under Section 18 of the ITPA.

29. We have been informed that even if an accused is refused bail,
he or she applies for bail on medical ground.   We may mention that the
provision of medical assistance and medical fees in our prisons have come of
age.     All   facilities   as   would   be   usually   required   by   the   accused   must,
therefore, be provided for and allowed to be availed to the accused within
jail precincts itself.   Experience in the above matters, as contended by the
parties, has shown that some of the accused have absconded even upon bail
having been granted for medical reasons.  The Courts would do well not to
allow such slips to happen except in the most dire and emergent cases of
medical problems diagnosed by known and registered medical officers and
certified under their signatures in which medical aid is not available in jail
and that too under strict supervision and upon specific directions in that
behalf.
30. Both the petitioner as also the State have submitted before us
guidelines for streamlining the prosecution of cases of human trafficking.  It
would be appropriate to set out some of the most needed guidelines thus:
(i) Bail should be denied to habitual offenders (traffickers) except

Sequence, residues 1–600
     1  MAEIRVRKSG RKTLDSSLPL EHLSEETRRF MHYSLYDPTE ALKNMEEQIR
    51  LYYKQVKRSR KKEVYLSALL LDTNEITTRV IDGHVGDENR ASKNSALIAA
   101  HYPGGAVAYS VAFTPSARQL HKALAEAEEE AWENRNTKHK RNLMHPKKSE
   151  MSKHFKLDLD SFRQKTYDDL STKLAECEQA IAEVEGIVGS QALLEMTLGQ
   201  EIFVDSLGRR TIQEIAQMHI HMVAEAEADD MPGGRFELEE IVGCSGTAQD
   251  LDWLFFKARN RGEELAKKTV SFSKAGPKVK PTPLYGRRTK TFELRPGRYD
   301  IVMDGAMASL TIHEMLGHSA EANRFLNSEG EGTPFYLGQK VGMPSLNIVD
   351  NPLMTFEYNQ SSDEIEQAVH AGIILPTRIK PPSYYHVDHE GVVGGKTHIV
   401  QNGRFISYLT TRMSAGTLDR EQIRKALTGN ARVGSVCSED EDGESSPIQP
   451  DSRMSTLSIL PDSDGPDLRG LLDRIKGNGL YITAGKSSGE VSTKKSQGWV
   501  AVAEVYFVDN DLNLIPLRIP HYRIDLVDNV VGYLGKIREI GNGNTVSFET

upon   exceptional,   special   and   compelling   reasons   upon   the   most
stringent conditions.
The Court shall call for and consider the antecedents report of the
accused   in   all   trafficking   cases   before   passing   any   order   of   bail
maintained by the Anti­Human Trafficking Unit and the local police.  
(ii) Bail  should be  refused to brothel  owner  until  the  brothel  is
closed and sealed under Section 18 of the ITPA.
(iii) Bail should also be denied if the victim is a minor except in case
of   any   extraordinary,   compelling   or   special   circumstances   to   be
explained in the order itself and upon the most stringent conditions.
Hence the bail may be granted only after the victim's age is verified by
the birth certificate (and only if it satisfies the Magistrate/Judge that it

is genuine, carries a presumption of its correctness, being a public
document)   and  not  a   school   leaving   certificate   (which   would   be
required to be proved upon verification of the school records by the
signatory   and   which   never   carries   any   legal   presumption   of   its